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Selecting a Web Development Firm: Part 2

  |  September 1, 2000   |  Comments

Last week, Richard started giving you his top-five criteria for selecting a web development firm. He continues this week with the last two: the depth of skills you want your development firm to have and the organizational compatibility between your company and the development firm. He concludes this two-parter with tips for negotiating the contract.

Last week we talked about the criteria to use to determine which developer is for you. We only got to number three before ClickZ kicked me off my soapbox. So this week we'll finish up with criteria four and five and then discuss some of the things you should put into the contract when you seal the deal.

The Recap

To quickly recap the first three criteria:

  1. Size of Firm - unless you have a rich uncle, small businesses can really afford only small firms (20 or less people).

  2. Location - local firms are better, given all other qualifications are equal.

  3. Client List - active clients mean more than total clients. Make sure the projects they've done are similar to what you want them to do, and remember that it isn't always the web design firm's fault if a client decides to leave.

    OK, let's bring this puppy home! Here are criteria four and five.

  4. Depth of skills

    Succeeding on the Internet requires three major sets of skills - design skills, marketing skills, and technical skills. In my five years of doing this stuff, I've come to the conclusion that technical skills are most critical. Here's why:

    You can buy any one of a dozen programs that will let the novice generate a decent-looking site. You can buy any one of a hundred books that will teach enough Internet-marketing theory to launch a program that gets some results. But unless you have superhuman intelligence and a lot of time, there is no number of books or programs that can teach you to build custom web applications like a skilled programmer.

    And, frankly, people will forgive the way a site looks if it functions the way they want it to.

    So go with the folks that know how to actually build it.

  5. Organizational Compatibility

    And finally, ask yourself: "How much do you like these guys?" Anyone you are entrusting with the future of your online business needs to be someone who thinks like you do. If not, you're going to have nothing but clashes. Remember, you are entering into a relationship.

Negotiating the Contract

So now you've made your decision, and it is time to sit down and negotiate the deal. Here are the terms you should include:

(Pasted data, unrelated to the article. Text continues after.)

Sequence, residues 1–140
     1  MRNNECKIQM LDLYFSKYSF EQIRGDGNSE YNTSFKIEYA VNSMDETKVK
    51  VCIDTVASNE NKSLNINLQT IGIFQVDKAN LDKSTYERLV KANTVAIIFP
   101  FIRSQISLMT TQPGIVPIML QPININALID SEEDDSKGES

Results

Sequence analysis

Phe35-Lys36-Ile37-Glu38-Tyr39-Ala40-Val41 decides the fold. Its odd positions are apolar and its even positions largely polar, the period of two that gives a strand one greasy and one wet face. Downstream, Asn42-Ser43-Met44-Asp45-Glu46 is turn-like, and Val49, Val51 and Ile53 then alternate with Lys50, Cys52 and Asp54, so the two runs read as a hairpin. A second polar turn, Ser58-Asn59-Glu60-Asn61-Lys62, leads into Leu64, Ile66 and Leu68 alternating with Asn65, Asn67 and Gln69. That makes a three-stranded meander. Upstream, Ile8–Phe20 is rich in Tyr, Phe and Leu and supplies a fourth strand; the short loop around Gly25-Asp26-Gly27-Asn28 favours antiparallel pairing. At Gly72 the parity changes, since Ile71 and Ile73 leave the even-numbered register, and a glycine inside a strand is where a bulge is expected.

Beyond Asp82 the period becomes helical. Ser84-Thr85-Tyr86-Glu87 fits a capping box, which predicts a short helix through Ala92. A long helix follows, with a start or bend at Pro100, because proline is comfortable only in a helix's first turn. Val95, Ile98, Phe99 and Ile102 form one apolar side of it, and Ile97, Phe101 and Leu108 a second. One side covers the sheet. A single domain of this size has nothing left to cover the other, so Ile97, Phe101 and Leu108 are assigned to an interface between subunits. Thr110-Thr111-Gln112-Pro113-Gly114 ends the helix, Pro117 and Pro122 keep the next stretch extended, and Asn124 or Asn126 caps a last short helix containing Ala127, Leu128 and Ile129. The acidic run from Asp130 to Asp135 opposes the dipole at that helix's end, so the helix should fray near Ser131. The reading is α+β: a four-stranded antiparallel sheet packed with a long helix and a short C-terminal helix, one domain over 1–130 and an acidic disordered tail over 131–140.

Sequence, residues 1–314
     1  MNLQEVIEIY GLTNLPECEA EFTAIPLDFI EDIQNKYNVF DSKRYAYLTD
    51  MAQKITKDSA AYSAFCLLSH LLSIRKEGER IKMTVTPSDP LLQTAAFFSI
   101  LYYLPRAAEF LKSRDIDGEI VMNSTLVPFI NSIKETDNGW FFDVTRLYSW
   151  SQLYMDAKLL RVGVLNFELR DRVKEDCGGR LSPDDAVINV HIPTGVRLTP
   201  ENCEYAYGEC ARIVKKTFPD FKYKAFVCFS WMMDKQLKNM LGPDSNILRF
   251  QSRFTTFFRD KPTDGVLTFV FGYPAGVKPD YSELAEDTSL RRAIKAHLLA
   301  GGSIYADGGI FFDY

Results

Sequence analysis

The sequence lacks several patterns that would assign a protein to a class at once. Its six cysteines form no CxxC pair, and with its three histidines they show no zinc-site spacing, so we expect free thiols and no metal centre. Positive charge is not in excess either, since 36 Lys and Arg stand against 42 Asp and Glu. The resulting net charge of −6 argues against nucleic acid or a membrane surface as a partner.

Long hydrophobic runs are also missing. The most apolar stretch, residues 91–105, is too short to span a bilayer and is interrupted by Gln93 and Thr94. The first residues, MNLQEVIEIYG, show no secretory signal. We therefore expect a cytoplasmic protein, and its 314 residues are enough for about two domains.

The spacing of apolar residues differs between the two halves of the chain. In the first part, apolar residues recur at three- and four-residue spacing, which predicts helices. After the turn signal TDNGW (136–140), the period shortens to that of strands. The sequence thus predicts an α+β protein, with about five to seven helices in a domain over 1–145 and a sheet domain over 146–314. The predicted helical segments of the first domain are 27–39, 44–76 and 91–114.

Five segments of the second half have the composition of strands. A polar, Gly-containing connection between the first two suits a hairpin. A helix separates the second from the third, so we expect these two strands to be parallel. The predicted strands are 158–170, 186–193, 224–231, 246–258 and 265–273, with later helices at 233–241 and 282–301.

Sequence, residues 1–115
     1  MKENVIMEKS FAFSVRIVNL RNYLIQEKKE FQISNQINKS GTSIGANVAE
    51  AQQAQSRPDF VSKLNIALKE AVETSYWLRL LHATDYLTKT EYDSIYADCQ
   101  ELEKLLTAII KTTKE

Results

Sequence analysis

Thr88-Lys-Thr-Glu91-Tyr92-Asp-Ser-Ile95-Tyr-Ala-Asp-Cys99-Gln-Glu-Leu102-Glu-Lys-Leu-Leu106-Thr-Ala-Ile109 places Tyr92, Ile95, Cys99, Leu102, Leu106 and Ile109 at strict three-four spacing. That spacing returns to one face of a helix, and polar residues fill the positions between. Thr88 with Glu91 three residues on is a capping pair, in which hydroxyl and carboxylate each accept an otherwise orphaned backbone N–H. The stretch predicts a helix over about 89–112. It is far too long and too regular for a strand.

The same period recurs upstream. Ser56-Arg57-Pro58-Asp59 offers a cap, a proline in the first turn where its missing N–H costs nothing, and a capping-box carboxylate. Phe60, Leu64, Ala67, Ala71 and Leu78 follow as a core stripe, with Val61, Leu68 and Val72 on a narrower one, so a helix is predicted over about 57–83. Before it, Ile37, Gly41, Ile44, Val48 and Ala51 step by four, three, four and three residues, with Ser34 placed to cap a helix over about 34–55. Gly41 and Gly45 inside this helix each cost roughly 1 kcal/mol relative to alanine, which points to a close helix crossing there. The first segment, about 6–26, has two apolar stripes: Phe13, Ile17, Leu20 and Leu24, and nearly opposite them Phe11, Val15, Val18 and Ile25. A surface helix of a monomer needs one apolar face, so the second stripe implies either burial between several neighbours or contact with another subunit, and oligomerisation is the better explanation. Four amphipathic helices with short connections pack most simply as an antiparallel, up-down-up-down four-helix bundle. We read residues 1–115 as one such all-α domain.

• Pay half of the estimated costs up-front, and pay the balance on delivery.

    This is good for both sides. They get some cash right away; you get some leverage that the project gets done.

  • Either own all the content that makes up your site or at least be entitled to a royalty-free license.

    Many web development firms recycle software code. It is wasteful to start from scratch writing new code to solve a problem that was already solved for another client. And with all the free code floating around on the Internet, sometimes web development firms modify a free piece of code to do what they need. Given such practices, ownership is a thorny issue.

    The way it is typically handled is if the code can be reused for other clients, the web development firm grants every client whose site uses that code a royalty-free license - meaning you can use it anywhere, anytime, as long as you don't sell the code by itself. An example of this would be a program that turns form data into an email message.

    If the code was developed exclusively for your use, and no one else can really use it, then you should negotiate to own it. An example of this would be a program written exclusively to generate a custom report for you.

  • The site should be portable, regardless of where it is running.

    Be sure that the site is designed in such a way that you can easily pick it up and move it to another server if you want. Who knows, maybe your web development firm gets bought by a bigger firm you don't like, and you decide to move the site somewhere else. The last thing you want to hear from the firm is: "Oh, your site won't work on another server because we used some wacky proprietary technology." Get it in writing that the site will be designed in such a way that it can be moved somewhere else with only minor modification.

  • If the cost of any work exceeds 20 percent of the estimate, the web development firm needs to get approval before finishing.

    Costs for web development can be kind of hairy because sometimes no one knows the scope of the problem until they are in it deep. To protect yourself from a surprise bill, request that the web development firm notify you if it looks like the work will be more than 20 percent of what they quoted you. It protects the web development firm, too, because it forces them to audit the project.

In Conclusion

So there you have it - the basics of finding a firm and negotiating the deal.

Tune in next week when I'll uncover one of the biggest scams aimed at small businesses online: auto-submission tools.

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ABOUT THE AUTHOR

Richard Hoy

After five years of telling others about how to spend their marketing budget online, Richard Hoy recently left the employ of this influential publication to see if what he's been blabbing with his big fat mouth all these years really works. He is President and Co-founder of Booklocker.com Inc., an alternative to traditional publishing that helps authors realize profits of up to 70 percent of sales by combining electronic publishing with Internet marketing.

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